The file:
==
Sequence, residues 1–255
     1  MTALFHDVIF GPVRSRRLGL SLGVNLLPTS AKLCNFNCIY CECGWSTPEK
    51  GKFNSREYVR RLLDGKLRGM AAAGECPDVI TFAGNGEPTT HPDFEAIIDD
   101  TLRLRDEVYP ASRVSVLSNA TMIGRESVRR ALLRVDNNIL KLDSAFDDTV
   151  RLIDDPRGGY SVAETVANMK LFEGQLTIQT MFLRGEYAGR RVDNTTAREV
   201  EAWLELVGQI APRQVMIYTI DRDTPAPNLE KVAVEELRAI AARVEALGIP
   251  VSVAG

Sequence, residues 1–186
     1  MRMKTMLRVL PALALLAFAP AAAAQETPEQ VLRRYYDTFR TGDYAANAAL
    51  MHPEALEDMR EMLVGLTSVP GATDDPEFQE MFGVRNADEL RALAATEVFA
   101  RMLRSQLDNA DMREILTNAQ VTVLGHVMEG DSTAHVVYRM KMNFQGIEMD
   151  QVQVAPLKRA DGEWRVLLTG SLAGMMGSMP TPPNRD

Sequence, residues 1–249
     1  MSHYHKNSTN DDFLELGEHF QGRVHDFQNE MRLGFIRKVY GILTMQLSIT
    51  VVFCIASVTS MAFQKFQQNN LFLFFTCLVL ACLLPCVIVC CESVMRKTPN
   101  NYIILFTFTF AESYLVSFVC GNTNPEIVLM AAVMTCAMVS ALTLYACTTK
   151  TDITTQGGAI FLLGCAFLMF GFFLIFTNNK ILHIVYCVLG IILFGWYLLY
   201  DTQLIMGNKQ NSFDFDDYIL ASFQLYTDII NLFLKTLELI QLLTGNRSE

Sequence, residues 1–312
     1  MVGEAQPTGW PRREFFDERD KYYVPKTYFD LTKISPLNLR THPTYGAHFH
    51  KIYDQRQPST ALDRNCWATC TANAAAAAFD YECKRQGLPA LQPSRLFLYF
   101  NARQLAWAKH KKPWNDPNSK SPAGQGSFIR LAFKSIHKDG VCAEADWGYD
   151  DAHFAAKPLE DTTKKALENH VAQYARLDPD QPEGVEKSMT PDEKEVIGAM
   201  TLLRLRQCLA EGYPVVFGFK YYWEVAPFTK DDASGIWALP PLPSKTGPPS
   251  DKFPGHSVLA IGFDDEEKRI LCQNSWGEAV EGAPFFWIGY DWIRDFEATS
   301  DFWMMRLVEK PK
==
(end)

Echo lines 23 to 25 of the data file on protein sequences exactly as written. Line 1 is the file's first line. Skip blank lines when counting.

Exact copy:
   151  DAHFAAKPLE DTTKKALENH VAQYARLDPD QPEGVEKSMT PDEKEVIGAM
   201  TLLRLRQCLA EGYPVVFGFK YYWEVAPFTK DDASGIWALP PLPSKTGPPS
   251  DKFPGHSVLA IGFDDEEKRI LCQNSWGEAV EGAPFFWIGY DWIRDFEATS